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South Blockhouse to feature art installations celebrating its history

Plans for the future of the South Blockhouse will feature site-specific art installations celebrating the stories of Hull’s ancient monument.

A decision record published today, Monday 15 January 2024, confirms the appointment of two artists, Adele Howitt and Bettina Furnee, who have been commissioned to develop artworks for the South Blockhouse visitor attraction.

Their work will increase public awareness of the site and engage communities with its heritage. The artworks will enhance visitors’ experience of the site and offer new ways to discover and explore the stories of the South Blockhouse.

The South Blockhouse project will conserve and enhance the scheduled ancient monument, improve public access and awareness of its heritage, and develop a new visitor attraction that enhances the city’s existing heritage offer.

Councillor Paul Drake-Davis, Portfolio Holder for Regeneration, said: “The South Blockhouse project will help write another chapter in Hull’s wonderful, maritime history.

“The wire mesh structures intended to represent the original Blockhouse walls are one aspect that gives visitors an idea of its mass and scale, but equally important are the stories that will be told about the lives of people who used these buildings over the three centuries it stood guarding the east bank of the river Hull.

“These artists will help to enrich this storytelling experience, and this is something I am looking forward to.”

Hull-based artist Adele Howitt specialises in devising creative links from research gathered from people, places, heritage, landscape, museum collections and archives, to all sorts of sites and spaces. She works in high streets, hospitals, museums, galleries and libraries, and has been involved in place-making both on the inside of buildings and outside spaces. Her works may manifest as ceramic sculptures or installations, or as permanent parts of the public realm.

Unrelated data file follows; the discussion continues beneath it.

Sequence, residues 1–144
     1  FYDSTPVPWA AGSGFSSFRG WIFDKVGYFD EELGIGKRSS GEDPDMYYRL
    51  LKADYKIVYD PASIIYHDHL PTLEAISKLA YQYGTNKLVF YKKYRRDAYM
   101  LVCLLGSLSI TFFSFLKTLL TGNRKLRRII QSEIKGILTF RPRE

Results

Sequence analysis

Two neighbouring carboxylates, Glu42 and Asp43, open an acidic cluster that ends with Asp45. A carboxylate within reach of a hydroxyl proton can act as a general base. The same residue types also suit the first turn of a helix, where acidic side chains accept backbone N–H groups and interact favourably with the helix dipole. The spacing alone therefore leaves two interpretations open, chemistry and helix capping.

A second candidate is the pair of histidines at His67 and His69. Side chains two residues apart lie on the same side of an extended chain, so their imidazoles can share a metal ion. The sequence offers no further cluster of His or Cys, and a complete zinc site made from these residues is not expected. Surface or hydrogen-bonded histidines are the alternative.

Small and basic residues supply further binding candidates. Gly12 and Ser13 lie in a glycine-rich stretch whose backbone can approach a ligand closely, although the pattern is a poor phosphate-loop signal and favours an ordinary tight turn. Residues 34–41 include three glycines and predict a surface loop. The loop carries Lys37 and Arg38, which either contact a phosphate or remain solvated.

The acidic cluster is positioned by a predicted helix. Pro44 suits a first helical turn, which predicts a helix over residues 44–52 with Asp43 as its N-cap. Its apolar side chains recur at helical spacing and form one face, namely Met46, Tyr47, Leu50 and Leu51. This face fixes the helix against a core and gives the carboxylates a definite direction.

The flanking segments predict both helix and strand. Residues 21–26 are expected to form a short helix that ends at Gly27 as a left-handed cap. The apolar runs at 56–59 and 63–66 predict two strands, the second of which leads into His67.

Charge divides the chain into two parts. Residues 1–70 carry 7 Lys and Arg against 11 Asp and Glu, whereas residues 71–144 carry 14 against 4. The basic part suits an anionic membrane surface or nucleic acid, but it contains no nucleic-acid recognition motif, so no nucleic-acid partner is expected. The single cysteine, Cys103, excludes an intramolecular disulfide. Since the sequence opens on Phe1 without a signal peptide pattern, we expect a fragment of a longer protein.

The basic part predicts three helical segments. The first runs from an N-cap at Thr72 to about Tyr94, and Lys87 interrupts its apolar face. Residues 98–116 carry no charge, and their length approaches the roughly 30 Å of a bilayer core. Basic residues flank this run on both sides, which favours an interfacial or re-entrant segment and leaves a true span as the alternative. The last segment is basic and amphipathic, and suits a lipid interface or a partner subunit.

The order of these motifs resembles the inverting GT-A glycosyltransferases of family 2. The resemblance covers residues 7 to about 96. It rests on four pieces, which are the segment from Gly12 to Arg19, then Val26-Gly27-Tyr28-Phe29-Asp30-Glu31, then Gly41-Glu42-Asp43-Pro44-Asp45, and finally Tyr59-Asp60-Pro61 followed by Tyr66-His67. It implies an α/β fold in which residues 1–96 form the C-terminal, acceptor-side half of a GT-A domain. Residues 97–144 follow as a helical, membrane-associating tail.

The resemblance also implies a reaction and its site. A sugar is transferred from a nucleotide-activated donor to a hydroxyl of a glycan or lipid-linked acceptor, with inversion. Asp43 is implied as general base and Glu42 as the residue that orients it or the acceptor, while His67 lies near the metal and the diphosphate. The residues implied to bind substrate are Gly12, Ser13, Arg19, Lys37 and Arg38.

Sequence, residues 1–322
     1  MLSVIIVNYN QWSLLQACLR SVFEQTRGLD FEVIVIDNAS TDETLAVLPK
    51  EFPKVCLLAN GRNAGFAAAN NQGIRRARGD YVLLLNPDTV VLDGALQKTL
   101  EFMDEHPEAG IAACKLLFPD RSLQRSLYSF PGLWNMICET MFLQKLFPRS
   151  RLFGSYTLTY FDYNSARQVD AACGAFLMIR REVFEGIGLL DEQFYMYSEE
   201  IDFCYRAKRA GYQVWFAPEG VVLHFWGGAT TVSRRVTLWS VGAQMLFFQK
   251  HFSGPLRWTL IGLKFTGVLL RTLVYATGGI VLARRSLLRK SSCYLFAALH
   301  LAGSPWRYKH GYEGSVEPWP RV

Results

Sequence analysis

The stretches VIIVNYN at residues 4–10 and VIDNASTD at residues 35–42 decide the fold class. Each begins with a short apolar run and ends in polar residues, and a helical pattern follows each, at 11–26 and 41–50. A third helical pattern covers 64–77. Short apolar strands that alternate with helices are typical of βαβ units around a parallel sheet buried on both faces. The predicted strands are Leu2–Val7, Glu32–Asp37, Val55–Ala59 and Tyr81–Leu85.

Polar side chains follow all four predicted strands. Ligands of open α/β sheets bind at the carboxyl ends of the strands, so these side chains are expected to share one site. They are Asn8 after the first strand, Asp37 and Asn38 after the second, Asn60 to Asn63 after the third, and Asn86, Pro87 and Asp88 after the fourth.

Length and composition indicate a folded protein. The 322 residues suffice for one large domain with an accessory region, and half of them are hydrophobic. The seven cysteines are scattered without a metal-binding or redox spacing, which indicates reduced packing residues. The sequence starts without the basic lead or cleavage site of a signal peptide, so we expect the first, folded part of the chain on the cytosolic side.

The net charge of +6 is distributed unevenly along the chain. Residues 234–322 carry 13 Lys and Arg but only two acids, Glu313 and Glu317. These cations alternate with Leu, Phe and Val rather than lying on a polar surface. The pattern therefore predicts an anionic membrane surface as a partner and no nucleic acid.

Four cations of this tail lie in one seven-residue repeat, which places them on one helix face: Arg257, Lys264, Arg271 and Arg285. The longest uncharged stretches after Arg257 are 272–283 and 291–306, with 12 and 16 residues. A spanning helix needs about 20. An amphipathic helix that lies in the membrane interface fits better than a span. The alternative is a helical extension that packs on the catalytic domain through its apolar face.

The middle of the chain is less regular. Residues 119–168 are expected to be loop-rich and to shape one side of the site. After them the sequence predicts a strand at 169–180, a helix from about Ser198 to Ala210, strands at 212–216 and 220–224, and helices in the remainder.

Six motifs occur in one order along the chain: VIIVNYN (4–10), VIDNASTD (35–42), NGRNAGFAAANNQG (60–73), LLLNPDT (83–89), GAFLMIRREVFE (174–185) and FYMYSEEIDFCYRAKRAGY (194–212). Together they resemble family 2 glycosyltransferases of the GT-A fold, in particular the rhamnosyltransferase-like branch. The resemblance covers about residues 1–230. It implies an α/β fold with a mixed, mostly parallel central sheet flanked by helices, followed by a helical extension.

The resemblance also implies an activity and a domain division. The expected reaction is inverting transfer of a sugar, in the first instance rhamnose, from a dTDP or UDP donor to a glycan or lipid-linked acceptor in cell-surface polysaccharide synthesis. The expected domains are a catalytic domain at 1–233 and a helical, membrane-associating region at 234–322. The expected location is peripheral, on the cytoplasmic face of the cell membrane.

Adele’s past projects include ‘Potter about Hornsea’, a public realm art trail with ceramic art and sculptures celebrating the historic and world famous Hornsea Pottery, it includes art on roundabouts, bus stops, pavements and poetry in the park.

Adele Howitt, said: “As a designer and maker, I am interested in the local identity and how the specific environment combined with its history, is expressed, explored, and celebrated. I am interested in how the creative intervention may be a tool to instil aspiration, bring people, heritage, and landscape together, offer community ownership, inspire, and engage.”

Bettina Furnee specialises in multi-disciplinary art practice which includes text-based installation, print, moving image, performance and public art. Her site site-specific works are a response to the history or narrative of a certain place; she often develops her work from source material contributed by local participants – through interviews, language games or polling – blending a multitude of voices from the community.

Her previous work includes “Near Holme, Call Your Home Poetic”, a project with households on a new Milton Keynes housing development, inviting residents to create a poetic and personal house name plaque, documented through an exhibition, film and events.

Also, “Live Neutral Earth”, was a public art scheme for Houghton Regis in Bedfordshire, consisting of audio-visual compositions presented as soundworks and painted sound-waves on the infrastructure of a new roadThe scheme also included a new community orchard, with orchard fruit recipes on the picnic tables.

A programme of artist commissions runs throughout the Hull Maritime project, which includes the extensive improvement works to Queens Gardens, North End Shipyard and Hull Maritime Museum.

The South Blockhouse Project has been made possible by feasibility funding from National Highways, who have Government funding to deliver benefits to communities above and beyond maintaining and operating England’s strategic road network. The project, worth around £1.25m in total, is being put forward for a further £1m in funding for the design and delivery.

National Highways manages four designated funds, allocated by the Government, to deliver benefits above and beyond building, maintaining and operating England’s strategic roads.

Find out more information on National Highways’ designated funds.

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